A publication of Appalachian Voices


A publication of Appalachian Voices


Festival Celebrates Bounty Of Appalachian Forests

By Holly Bellebuono


Just as families are an integral part of our society, so are forests an especially important and central part of our environment. How fitting, then, to combine the two in a festive outdoor event celebrating the interaction of people and nature?

Appalachian Voices did just that, teaming up with other non-profit and local governmental agencies, to create the Forest & Family Festival 2001. The event took place last month on the grassy grounds of Sugar Grove, N.C.’s Historic Cove Creek School, a charming stone structure erected in the early 1920s and now undergoing renovations that bring it into the alternative energy era. The grounds overlook a creek, farm buildings and pasturelands, and served as a day-long home for children and adults interested in paying their respects to the land.

The day consisted of special activities designed to highlight our inter-dependence on the woodlands of the Southern Appalachians; speakers educated folks about ecological forestry and conservation easements. James Coman, of the Blue Ridge Rural Land Trust, and John Humphrey, of Carolina Mountain Land Conservancy, answered questions about streambed preservation and future planning. Barbara and Tomm Tomlinson, of Wild-Haven Inc., displayed a few of the many owls, raptors, hawks and other birds of prey that they rehabilitate after injury.

Kevin Caldwell, of Appalachian Ecological Consultants, and Berkeley Brown of the Mast Farm Inn, lead botanical identification hikes, and David Hagaman enlisted the help of his Belgian and Percheron horses in a horse-logging demonstration to teach low-impact methods of tree removal.

Children’s activities, live music, special workshops, unique mountain heritage crafts and non-profit organizations peppered the day with fun, educational events. The sponsoring organizations (Appalachian State University’s Sustainable Development Program, Cove Creek Preservation, USDA Natural Resource Conservation, Blue Ridge Rural Land Trust, Blue Ridge Resource Conservation and Development Council, and Appalachian Voices) marked the day as a success and were pleased with the turn-out, the sunny weather, and the strides made in bringing an ecological awareness to our communities.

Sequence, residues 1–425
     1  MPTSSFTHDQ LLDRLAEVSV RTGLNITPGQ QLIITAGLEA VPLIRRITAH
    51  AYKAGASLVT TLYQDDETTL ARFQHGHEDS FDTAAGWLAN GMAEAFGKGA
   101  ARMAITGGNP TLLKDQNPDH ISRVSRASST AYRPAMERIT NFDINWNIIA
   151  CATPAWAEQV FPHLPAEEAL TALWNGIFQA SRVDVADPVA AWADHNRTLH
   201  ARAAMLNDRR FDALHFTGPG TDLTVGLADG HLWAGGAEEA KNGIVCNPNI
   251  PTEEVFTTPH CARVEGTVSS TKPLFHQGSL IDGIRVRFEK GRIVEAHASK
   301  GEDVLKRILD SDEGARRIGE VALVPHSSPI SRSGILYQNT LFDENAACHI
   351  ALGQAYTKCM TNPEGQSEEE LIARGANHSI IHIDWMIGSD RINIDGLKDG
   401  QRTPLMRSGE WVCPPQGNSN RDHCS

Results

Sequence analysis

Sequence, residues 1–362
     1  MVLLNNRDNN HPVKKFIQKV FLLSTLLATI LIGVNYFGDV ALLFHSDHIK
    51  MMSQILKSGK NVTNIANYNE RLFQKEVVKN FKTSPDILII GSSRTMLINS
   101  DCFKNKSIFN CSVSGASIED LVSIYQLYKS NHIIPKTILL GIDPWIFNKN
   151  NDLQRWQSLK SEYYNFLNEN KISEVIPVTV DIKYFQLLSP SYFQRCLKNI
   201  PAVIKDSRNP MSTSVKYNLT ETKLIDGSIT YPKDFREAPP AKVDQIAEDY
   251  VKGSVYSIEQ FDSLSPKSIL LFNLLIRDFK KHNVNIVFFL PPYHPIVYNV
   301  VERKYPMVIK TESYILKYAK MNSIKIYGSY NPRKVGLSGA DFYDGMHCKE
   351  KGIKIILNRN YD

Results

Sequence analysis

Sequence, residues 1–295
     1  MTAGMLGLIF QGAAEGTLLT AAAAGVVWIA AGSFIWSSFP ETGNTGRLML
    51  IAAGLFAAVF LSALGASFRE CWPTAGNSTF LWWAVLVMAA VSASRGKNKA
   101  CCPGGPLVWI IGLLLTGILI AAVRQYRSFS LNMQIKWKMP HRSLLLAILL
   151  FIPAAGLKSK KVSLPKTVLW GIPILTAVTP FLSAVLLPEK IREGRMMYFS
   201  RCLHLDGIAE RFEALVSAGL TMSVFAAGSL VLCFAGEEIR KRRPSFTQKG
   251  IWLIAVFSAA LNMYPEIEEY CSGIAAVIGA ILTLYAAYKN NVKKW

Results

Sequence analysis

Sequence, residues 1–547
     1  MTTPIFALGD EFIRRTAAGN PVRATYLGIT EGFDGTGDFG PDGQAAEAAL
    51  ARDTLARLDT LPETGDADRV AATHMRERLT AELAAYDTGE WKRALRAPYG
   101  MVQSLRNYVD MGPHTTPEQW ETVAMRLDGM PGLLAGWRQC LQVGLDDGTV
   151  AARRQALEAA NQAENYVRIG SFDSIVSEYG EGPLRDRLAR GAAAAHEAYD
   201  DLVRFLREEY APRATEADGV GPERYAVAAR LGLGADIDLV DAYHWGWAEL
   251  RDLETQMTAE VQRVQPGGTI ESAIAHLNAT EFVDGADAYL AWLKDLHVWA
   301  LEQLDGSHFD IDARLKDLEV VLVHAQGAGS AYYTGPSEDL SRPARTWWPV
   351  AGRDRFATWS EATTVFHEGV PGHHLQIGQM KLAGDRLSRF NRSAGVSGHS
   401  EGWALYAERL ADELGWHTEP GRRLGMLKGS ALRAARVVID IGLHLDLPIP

Sustainable Forestry Demo


Sustainable Forestry is a term that encompasses so much more than simply the act of removing timber. Trees are the most visual component of a forest and they are crucial to the continuous working mechanism of an ecosystem: they respirate, replenish the soil, clean the water, provide shade, guard against erosion, provide habitat, and swap chemical compounds with each other and with other plants. Trees also provide a rich source of material for humans: wood for building and fuel, pulp for paper, leaves for mulch, resins and buds for medicines and cosmetics, flowers for perfumery and enjoyment, and much more.

There is no doubt that people need trees, and that we will continue to need them indefinitely. How we go about extracting them from the forest that has created them is a matter, unfortunately, of debate, and needs careful consideration.

Low-impact methods are preferable. The lowest impact method, obviously, is to walk into the forest with a saw, cut a relatively small tree , cut it into sections, hoist each section onto the shoulder and haul them out manually, one at a time. This, of course, is time-consuming and physically hard. A more efficient method is to employ horses and limited equipment which can cut and remove entire trees and large lengths at a fraction of the cost, and much more quickly. Horses can maneuver with agility through the woods and leave little trace of their passing.